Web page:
After years in the wilderness, when the drink ranked at best as a has-been—a faint memory of a more carefree, fun-filled drinking era—and at worst as a liquid punch line, the Mai Tai has finally come home.
Jelani Johnson, most recently of Clover Club, and a tiki torchbearer of note, agreed. “I think it’s timeless,” he said. Austin Hartman, owner of the tropical bar Paradise Lounge in Ridgewood, Queens, where the tasting was held, appended that: “A timeless, but unsung, hero.”
The drink certainly wasn’t unsung that day. The three tiki titans, joined in the judging by me and PUNCH senior editor Chloe Frechette, spent two hours delving into the finer points of the cocktail. So, what makes for a good Mai Tai? Turns out, a good many things.
“It’s supposed to be dry, but it should have body,” explained Johnson. “It should showcase the rum. It should have a good backbone of almond-y, syrupy fat, and it should be refreshing.”
“Rum. Weight. Dryness,” agreed Hartman, distilling Johnson’s assessment down to CliffsNotes size.
The twin garnishes of mint and lime, too, were important. “Your nose should be buried in that mint,” said McGee, while pointing out that the herb is strictly there for the nose’s benefit. “There’s no mint in the drink. It’s exclusively aromatic.”
A classic Mai Tai is often topped by the spent hull of a lime that has just surrendered its juices to the drink. Many bartenders shake the drink with the lime shell, believing it adds a little something extra flavor-wise. McGee called the first time he shook with the lime shell “revelatory. It added to the drink.”
A bed of crushed ice was important to most of the judges, who believed that the drink needed to stay cold, and that dilution led to a desirable evolution of the flavors. (Frechette and I, living our lives on the other side of the bar, respectfully disagreed. We preferred to enjoy the drink while it was fresh, cold and potent.)
Unexpectedly, given the Mai Tai’s status as a long-standing classic, and all the adjustable parts in the drink—two rums, orgeat, simple syrup, lime juice, Curaçao and mint—the panelists did not think the cocktail lent itself to variations and modern spins. The submitted recipes reflected this stance. Where past “ultimate” tastings staged by PUNCH have typically included a few curveball entries and outright losers, the ten Mai Tais largely hewed to the classical model.
“It’s a hard drink to riff on because it’s so solid,” said Johnson. “The only thing you can riff on is the choice of orgeat and choice of rums.”
Of course, choosing those rums—one Jamaican, one Martinique, according to Trader Vic’s original 1944 recipe—is critical. (Though the battle over authorship of the drink is long and tangled, no one on the panel disputed Victor Bergeron’s claim of ownership. “It has his stamp all over it,” declared McGee.) Following Vic’s original formula, however, is not an option, as he used 17-year-old Wray & Nephew as his Jamaican rum, a potion no longer available.
“For me it all comes down to the rum,” said Johnson, “because you’re trying to create this rum that none of us have ever had.” Hartman opined that neither of the two rums in the recipe should dominate, but that the drink should represent “a beautiful marriage of the two rums.”
Not surprisingly, the ten competing recipes called for many different bottlings, the most common ask being various expressions of Appleton Estate.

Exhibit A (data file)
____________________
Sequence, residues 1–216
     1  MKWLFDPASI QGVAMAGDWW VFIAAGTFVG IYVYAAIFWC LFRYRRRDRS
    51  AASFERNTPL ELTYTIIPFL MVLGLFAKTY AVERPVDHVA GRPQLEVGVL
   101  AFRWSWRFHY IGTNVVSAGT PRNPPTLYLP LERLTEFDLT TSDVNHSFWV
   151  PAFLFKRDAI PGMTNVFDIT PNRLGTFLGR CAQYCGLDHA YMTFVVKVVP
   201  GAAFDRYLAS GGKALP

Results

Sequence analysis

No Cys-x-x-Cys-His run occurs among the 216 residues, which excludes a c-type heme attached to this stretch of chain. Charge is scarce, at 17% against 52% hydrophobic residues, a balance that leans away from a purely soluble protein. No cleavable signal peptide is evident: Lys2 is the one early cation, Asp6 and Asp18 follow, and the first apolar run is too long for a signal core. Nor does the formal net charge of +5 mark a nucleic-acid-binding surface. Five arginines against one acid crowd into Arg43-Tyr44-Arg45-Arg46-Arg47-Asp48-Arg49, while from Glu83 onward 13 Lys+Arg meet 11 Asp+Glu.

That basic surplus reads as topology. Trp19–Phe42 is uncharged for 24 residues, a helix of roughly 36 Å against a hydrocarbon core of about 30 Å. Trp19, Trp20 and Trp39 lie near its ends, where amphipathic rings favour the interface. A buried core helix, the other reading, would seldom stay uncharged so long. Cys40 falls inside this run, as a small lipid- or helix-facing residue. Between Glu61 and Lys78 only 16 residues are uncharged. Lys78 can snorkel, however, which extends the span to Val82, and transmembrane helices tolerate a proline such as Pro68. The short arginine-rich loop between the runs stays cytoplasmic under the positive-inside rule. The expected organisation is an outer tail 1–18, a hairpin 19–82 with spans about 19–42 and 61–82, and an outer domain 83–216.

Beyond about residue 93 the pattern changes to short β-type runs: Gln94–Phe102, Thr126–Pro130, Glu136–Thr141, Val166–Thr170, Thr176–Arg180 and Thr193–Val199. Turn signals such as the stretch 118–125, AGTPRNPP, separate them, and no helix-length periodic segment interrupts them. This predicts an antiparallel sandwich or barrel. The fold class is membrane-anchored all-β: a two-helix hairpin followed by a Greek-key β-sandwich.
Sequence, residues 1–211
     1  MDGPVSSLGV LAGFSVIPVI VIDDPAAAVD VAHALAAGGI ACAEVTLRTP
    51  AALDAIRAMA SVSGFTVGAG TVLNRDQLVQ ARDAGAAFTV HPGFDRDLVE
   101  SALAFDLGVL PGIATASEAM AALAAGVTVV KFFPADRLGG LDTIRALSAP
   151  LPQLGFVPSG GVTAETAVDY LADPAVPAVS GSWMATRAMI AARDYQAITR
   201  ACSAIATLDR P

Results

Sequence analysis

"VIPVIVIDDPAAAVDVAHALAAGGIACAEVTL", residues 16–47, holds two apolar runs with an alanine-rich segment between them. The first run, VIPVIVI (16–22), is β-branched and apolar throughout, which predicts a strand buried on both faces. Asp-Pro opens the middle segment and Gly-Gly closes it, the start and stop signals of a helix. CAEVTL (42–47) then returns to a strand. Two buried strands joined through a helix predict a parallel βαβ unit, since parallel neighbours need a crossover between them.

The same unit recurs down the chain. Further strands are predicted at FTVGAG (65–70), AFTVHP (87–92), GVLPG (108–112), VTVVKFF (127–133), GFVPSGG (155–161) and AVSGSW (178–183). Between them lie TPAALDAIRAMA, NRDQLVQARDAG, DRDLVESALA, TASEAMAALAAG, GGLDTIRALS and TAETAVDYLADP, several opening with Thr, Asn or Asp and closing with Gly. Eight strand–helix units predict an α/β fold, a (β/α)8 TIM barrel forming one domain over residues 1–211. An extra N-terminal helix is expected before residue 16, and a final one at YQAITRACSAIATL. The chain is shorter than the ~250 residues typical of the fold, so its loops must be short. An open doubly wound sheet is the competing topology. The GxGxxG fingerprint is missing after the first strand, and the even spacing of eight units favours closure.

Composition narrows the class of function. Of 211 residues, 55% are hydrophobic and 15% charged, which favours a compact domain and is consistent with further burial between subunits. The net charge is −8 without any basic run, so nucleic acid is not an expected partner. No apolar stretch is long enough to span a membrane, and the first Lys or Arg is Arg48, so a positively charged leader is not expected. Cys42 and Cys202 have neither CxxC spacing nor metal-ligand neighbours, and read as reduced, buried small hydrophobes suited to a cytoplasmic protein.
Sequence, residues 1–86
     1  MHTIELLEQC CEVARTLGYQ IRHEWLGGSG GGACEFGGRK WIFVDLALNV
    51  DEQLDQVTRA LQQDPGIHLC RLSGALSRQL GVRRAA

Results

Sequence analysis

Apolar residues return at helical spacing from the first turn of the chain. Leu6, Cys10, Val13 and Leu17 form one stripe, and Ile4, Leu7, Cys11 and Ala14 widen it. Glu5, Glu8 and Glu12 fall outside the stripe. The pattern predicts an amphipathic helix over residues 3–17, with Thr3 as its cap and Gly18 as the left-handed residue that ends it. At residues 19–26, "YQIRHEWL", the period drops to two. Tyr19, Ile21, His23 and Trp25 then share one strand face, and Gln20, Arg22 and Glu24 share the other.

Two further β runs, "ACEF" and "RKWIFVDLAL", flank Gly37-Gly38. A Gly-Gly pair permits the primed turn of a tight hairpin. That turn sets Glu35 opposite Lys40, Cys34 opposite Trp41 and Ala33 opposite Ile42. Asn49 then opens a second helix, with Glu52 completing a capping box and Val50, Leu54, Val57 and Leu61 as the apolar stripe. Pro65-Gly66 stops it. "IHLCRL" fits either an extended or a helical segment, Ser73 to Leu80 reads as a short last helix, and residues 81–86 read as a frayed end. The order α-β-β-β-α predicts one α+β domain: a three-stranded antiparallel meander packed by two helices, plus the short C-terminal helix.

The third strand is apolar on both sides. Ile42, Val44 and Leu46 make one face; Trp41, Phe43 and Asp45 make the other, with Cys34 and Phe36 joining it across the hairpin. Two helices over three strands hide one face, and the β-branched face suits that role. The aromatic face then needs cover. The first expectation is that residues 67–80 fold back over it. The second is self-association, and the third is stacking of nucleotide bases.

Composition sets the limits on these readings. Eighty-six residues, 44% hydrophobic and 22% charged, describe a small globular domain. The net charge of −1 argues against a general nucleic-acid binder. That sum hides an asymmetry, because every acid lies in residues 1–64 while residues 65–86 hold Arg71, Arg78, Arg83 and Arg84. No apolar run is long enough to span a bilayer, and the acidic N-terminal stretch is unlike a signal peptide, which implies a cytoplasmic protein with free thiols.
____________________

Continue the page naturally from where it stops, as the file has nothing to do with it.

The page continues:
All were acceptable expressions of the drink, and most were downright pleasing. Still, when the ninth of the ten selections arrived, it was greeted with a unanimous chorus of “oohs,” “aahs” and “yums.” The contest was over.
This was the Mai Tai of bartender Garret Richard. It had richness, flavor to burn and personality. You could taste each and every one of the ingredients, and also, the panel suspected, a little something else. They weren’t wrong. Richard added five drops of saline to a mix that including one ounce of lime juice, ¾ ounce Latitude 29 orgeat (specifically made for the New Orleans bar Latitude 29), ¼ ounce Grand Marnier, ½ ounce Clément Créole Shrubb (a blend of agricole rhums, Créole spices and bitter orange peels), ¾ ounce Coruba Jamaican rum, 1 ½ ounces of Denizen Merchant’s Reserve and the aforementioned spent lime wedge.
Denizen also had a starring role in the drink that came in at number two—the recipe from Martin Cate of San Francisco’s Smuggler’s Cove. In fact, Cate consulted on the production of Merchant’s Reserve, a blend of eight-year-old Jamaican pot-still rum and molasses-based rhum grande arôme from Martinique, with the aim of creating a spirit faithful to Trader Vic’s formula. Joining two ounces of the rum in the drink were ½ ounce Pierre Ferrand Dry Curaçao, ½ ounce of Smuggler’s Cove’s own orgeat, ¼ ounce of the bar’s “Mai Tai rich simple syrup” and ¾ ounce lime juice. It was deemed a benchmark Mai Tai, though less dry than numbers one and three.
Third place went to one of the judges, Jelani Johnson, who offered a combination of 1 ½ ounces of Appleton Estate 12 Year Rum, ½ ounce Rhum JM Blanc 100, ¼ ounce Worthy Park Single Estate Reserve Jamaican rum; 1 ounce lime juice, ½ ounce Clément Créole Orange Shrubb, ¼ ounce of the Brooklyn-made Orgeat Works T’Orgeat, ¼ ounce Orgeat Works Latitude 29 orgeat and a teaspoon of 2:1 rich cane-sugar syrup. The judges found a fruity abundance of mint, lime and orange in the glass and a long finish.
All three winning drinks answered the panel’s collective Mai Tai needs, leaving the judges in a blissed-out reverie in which they kept sipping at the winning drinks long after the contest was over. Even Tom Roughton, the bartender who prepared all the cocktails, joined in on the lovefest.
“It’s like sour rum nut candy,” he said, helping himself to another sip.